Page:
By KIERAN FINNANE
“They will take your vote, and take away your freedom! Lock you up, and give your children away! Make you pay for living on your land! Make you pay rent forever! Kick you out of town after taking your money! Control your Governance and say they now what’s best for you!”
That was the fine print on the back of the First Nations Political Party how-to-vote cards, a lot more dramatic and threatening than the spoken statements of Ken Lechleitner, co-founder of the party with Maurie Ryan, whom we have quoted in recent articles. (He is pictured at left, with candidate Edan Baxter who has since resigned from the party).
There’s been no complaint to the electoral commission, and even if there had been, it does not have the responsibility to “police truth in advertising”, a spokesperson told the Alice Springs News Online.
The media does, however, so the News asked Mr Lechleitner if these messages to voters could be substantiated.
He answered with an over-riding question – “What autonomy do people really have?” – and went on to explain, in fine rhetorical style:
“Life, liberty and estate are fundamental to being part of a society, being able to participate in a society. These things are denied to a section of the community. They are over-ridden, railroaded. They can’t get involved in the economy because they can’t use their land as collateral. If they could, they’d be able to participate, they wouldn’t have to be begging.”
This point about land has been his central theme and well covered. Lack of individual control over the land is what he, at least, is referring to in relation to freedom. But what about the second point, the spectre of people being locked up and their children given away?
“Look at the plans of the other parties!” he says. “They are going to clean up the streets, clean up the parks – which group of people are they targeting there?
“Locking people up, isn’t that’s what being done, with the soft form of mandatory sentencing that’s going to be introduced? In another year, people will realise what they’ve done.”
At the same time he welcomes the result of the recent Territory election, for the way that it has shifted voting power to the bush: “It’s fantastic, people will be able to hold the party in power to account to deliver on their promises. It will be a really interesting four years.”
But back to the point about children: “The whole Intervention is built around that issue. This is a call for us to wake up, what do we do now? There’s a lot of futuristic thinking happening but not on our side. There are 2010, 2030 documents but what has been Aboriginal people’s participation in those?”
Is he or the party suggesting that children not in vulnerable or damaging situations are being removed from their families?
He seems to acknowledge a problem: “In some cases parents aren’t there, they’re dead and families can’t do it, can’t care for those children.
“I’m not blaming anyone, what happens is for a good reason, but does it have to be like that? We’ve got a lot of waking up to do about what we need to do and improve. The responsibility falls on us.”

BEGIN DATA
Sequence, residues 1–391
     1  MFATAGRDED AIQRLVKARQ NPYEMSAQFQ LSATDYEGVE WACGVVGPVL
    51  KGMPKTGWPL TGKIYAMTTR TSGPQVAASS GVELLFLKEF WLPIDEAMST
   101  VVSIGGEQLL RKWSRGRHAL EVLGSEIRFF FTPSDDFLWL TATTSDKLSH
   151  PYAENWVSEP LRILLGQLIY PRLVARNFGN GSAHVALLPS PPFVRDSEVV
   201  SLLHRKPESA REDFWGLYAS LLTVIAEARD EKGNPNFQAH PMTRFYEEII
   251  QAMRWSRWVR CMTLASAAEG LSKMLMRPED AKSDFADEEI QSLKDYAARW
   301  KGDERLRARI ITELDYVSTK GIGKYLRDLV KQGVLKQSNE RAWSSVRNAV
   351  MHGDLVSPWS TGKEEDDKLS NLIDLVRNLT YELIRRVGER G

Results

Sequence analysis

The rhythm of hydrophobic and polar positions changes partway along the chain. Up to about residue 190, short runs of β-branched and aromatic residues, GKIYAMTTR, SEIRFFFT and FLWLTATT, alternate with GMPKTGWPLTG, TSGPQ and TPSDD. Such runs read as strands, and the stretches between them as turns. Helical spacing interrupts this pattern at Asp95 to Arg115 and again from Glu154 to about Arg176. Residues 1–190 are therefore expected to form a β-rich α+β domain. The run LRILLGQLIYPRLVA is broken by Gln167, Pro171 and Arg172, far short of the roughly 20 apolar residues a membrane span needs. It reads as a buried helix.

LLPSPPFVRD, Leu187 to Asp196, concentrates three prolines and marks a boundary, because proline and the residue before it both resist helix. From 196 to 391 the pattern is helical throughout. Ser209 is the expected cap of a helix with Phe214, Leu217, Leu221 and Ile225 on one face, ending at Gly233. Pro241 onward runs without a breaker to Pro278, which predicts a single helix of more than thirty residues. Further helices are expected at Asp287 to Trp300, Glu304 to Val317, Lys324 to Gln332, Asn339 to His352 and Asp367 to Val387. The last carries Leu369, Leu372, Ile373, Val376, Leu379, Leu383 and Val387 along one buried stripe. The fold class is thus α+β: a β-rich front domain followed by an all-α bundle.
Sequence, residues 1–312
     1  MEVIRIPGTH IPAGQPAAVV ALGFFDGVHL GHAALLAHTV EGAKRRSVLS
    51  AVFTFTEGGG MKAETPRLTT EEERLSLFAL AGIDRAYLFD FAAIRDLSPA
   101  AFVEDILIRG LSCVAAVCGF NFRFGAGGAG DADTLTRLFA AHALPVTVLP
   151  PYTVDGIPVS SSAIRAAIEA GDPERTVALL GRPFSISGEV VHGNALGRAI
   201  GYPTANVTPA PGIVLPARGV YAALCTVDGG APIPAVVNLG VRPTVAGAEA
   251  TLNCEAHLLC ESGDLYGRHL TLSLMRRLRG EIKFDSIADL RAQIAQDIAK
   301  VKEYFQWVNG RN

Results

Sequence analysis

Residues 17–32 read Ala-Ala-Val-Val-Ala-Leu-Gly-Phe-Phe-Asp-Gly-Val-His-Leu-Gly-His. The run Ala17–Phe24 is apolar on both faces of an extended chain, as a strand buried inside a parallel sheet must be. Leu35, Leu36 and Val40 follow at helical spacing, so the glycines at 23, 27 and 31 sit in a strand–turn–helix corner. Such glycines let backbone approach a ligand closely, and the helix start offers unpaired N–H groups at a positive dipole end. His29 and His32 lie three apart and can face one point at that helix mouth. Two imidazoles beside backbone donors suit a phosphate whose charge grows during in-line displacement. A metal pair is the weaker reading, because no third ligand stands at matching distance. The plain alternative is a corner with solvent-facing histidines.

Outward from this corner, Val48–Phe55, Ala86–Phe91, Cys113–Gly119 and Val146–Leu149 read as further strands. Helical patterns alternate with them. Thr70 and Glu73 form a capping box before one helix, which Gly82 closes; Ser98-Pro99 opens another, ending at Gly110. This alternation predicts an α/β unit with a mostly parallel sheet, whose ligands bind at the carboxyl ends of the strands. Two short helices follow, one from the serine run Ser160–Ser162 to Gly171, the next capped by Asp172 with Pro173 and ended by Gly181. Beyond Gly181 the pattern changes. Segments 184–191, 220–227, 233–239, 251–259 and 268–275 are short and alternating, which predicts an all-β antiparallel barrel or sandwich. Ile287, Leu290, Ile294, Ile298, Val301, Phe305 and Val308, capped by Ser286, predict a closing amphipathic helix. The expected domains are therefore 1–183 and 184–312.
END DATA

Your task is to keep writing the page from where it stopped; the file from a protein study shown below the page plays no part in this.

It all sounds more reasonable when he speaks to it. So why the alarmist language on the how-to-vote cards?
“We can’t force people to think in strategic way,” says Mr Lechleitner.
Moving on: what about people having to pay for being on their land and paying rent forever? All over Australia people who live in public housing pay rent. Is he suggesting that Aboriginal people should live in public housing rent-free?
No, his point is again about people being able to raise money by using their land as collateral to build their own houses, and then pay rates for municipal services.
And people being kicked out of town after their money’s taken – what’s that all about?
“Getting rid of drunks from parks, from public places – what’s that saying? You’ve got no space, you’re not welcome anywhere around town. You can purchase your drink but when you go round the corner it will be confiscated. Where does that leave everyone? It’s a very, very sad situation.”
So, on the final point about governance, is that about the imposition of the shire model?
The creation of the shires should have been celebrated as a move towards inclusion, says Mr Lechleitner: “It could have been about bringing remote communities out of a stand-alone Aboriginal governance system into the Westminster system, but it was not promoted in a positive way. That philosophy of government is a good thing, but the process hasn’t been.”
He’s reluctant to get into detail, saying that the other parties have “plagiarised” FNPP’s ideas: “The litmus test will be how well they are executed.”
He says no-one wanted to touch outstations when he campaigned in the Federal election, but “now they are the flavour of the month”.
But how will they be funded, he wants to know: “Will government pilfer the Aboriginal Benefit Account – in another example of ‘we know what’s good for you’ – or will money be allocated from the NT Government budget?”
On the shires, he says they need to be restructured to deliver greater autonomy to local decision-makers. He says “the representative structure exists, all we have to do is adapt it”. The detail, however, is “our secret”.
Meanwhile, Edan Baxter, the First Nations Political Party candidate who stood for the seat of Araluen in Alice Springs, has resigned from the party. He says he feels that it is best for him to return to “my own space as an independent”. His resignation is more about how he now wants to allocate his time, but he told the Alice News that he was “not happy” with the messages on the how-to-vote card, and did not hand it out during the election. He also did not allocate preferences.
Pictured, above right: Mr Lechleitner campaigning at Hermannsburg (Ntaria), supporting the Warren H. Williams standing for the FNPP in Namatjira.